hours... And they could always pick you again for next week's session, if
they felt like it. (At Stoneyhurst School, a fellow-CIXen I know was
beaten _every day_ for two years...).

I was suspended from Dulwich seven times, and 'asked to leave' twice
(a record), the last time for taking an 11" bladed Bowie knife and a .22
pistol to school (I had a .50 caliber percussion revolver as well).

'Cet animal est mechant! Quand on l'attaque, il se defend!' >:-}

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I went on to Geelong Grammar School in Australia, where as a cadet I
learned to use Browning .50 caliber machineguns, 9mm. submachineguns and
.45 military sidearms, as well as mortars and grenade launchers. I was
expelled for refusing to be beaten in the showers by the House Prefects,
for calling a prefect an 'impolite bastard.' I received a standing
ovation when I left, two weeks before my University Entrance exams.

One kid hurt me rather up badly one day. Some weeks later, I
was 'firing-in' a sniper rifle on the range, and this character walked
down the side of the range. I set the sights, swung the rifle over,
chambered a live round, and lined him up neatly in the sights. At that
instant, I felt a wonderful sense of healing -- I realized that he now
lived or died with my _permission_, and I didn't have to _hate_ him any
more. 'Empowerment'

The last handgun I owned was a Remington .45 ACP with nickel-plated
slide. Good 'stopper.' I thought through very carefully all the
consequences of ever using it on someone, and decided not to keep it. I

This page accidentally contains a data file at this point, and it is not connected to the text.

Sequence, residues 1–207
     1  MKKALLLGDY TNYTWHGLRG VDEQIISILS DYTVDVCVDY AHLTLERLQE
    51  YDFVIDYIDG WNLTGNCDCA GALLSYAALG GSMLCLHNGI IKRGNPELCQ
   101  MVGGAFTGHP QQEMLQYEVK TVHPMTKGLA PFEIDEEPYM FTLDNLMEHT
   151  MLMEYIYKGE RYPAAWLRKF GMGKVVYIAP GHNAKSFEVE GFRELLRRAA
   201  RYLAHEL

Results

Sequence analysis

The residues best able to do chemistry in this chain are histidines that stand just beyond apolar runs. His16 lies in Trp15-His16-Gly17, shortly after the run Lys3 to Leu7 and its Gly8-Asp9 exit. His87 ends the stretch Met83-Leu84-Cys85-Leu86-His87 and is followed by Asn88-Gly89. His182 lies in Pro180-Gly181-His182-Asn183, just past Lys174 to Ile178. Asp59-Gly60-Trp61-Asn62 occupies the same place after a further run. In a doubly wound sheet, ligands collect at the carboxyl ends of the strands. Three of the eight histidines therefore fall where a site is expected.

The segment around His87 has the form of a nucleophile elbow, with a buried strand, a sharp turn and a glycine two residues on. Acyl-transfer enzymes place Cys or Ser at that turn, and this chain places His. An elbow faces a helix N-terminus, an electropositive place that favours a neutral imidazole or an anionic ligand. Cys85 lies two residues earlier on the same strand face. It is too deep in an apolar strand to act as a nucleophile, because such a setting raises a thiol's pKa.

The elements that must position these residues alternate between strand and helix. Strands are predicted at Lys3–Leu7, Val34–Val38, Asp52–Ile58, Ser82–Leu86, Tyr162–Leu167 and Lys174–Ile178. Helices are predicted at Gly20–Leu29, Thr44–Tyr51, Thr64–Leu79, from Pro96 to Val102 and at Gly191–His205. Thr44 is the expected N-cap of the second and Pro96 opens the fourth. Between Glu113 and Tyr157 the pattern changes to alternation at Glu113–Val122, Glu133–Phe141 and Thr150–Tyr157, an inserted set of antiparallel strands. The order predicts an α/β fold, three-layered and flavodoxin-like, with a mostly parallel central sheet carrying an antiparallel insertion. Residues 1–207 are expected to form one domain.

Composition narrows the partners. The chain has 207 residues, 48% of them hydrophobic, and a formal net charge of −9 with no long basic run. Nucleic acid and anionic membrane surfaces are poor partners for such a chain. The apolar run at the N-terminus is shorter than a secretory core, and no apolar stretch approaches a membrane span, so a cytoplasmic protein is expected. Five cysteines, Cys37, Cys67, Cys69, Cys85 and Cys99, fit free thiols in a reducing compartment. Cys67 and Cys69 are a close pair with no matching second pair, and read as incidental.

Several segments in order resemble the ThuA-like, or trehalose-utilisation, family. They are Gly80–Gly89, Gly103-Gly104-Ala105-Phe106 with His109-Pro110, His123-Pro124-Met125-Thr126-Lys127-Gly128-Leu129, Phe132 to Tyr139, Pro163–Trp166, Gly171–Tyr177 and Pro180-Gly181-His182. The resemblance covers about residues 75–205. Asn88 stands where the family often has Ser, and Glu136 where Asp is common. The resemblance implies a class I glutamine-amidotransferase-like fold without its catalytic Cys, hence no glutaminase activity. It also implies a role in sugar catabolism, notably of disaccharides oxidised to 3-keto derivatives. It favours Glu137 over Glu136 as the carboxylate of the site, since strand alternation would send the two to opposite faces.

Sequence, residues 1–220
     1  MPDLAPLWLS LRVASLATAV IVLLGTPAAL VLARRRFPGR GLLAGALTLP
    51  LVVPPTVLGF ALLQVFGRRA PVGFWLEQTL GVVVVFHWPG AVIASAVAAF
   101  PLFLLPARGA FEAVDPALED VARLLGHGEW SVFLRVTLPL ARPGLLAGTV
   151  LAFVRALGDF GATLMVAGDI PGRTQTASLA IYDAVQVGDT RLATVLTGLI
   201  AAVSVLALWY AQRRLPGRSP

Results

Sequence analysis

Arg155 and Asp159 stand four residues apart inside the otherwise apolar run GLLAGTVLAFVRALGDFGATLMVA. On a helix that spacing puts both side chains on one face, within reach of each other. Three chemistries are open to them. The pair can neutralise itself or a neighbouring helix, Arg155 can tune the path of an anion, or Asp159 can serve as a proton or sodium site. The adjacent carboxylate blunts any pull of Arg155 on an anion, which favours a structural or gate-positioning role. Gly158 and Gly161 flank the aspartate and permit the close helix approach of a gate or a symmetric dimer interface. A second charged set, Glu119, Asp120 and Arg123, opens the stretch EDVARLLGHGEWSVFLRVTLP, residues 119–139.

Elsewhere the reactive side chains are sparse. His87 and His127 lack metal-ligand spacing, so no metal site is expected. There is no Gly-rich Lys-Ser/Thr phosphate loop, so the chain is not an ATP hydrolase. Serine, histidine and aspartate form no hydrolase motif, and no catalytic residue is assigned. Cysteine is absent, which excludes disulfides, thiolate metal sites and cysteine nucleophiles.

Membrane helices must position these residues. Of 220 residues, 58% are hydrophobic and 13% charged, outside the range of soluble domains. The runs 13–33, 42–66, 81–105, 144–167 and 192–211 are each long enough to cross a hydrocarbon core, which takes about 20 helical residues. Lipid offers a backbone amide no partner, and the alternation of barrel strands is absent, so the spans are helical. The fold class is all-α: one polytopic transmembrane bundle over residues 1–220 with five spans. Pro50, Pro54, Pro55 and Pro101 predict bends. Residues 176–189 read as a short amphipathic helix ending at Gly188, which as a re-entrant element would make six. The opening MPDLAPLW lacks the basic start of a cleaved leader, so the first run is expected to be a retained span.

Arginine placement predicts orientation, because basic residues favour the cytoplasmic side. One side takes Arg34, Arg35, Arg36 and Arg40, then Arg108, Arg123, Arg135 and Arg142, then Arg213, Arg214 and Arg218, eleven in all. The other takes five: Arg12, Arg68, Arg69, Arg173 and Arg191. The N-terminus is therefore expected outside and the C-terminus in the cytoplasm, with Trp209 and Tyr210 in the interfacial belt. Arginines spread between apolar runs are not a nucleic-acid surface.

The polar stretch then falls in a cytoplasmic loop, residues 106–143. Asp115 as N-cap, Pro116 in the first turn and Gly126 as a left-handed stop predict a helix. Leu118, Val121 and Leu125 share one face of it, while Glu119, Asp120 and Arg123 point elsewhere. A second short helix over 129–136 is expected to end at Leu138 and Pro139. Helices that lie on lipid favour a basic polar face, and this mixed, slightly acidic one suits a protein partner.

must confess to a slight weakness for the magnificent Barrett Light Fifty
Special Forces rifles, which can take out targets in a red-and-white mist
of blood and bone fragments at 1 000 yards, and blow damn great holes
straight through brick and concrete walls. Clickers and Order details on
the Rainbow Bridge Foundation Web Site. >:-}

Well, now we have helium-sapphire laser weapons coming, with
two-stage triggers, which first create ionized conductive plasma tracks as
the lasers strike the air molecules. You then discharge preset
ulracapacitor high-voltages down the plasma tracks. Rather like Gene
Roddenberry's STAR TREK phasers, eh? (He wrote and produced the 50's
classic TV series with Richard Boone, 'Have Gun, Will Travel.' >:-}

Read "The Weapon Shops of Isher" by A.E. van Vought!

"Have Gun, Will Travel"
Reads the card of a man;
A knight without armour
In a savage land.

His fast gun for hire
Needs the calling wind.
A soldier of Fortune
Is the man called 'Paladin.'

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Of course, intelligence officers don't usually carry guns, for
pragmatic as well as principled reasons. CIA 'disposed' of the
Argentine-controlled Somocista core of the Contras by inviting them
to go off into Nicaragua on morally indefensible missions, along
infiltration routes very well-known to the Sandinistas. Think of it
as 'ecology in action.' >:-}

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BTW: Two of my alltime screen heroines are Karen Allen in 'HandGun';
and the magnificent Linda Hamilton as 'Sarah Connor' in "Terminator II."

/ /\ \

Tony Hollick, LightSmith, WarFighter

(Listening to the magnificent Dolores O'Riordan and the Cranberries sing
"Everybody Else Is Doing It, So Why Can't We?"). "We kid you not!" >:-} (LA-Agora Conference) (Agora Home Page, Rainbow Bridge Foundation) (NorthWest Coalition Against Malicious Harrassment)

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| Rainbow Bridge Foundation * * * Centre for Liberal Studies |
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"America's at that awkward stake. It's too late to work through the
system, but too soon to shoot the bastards." -- Claire Wolfe

"Fasten your safety belts. You've never had a trip like this before."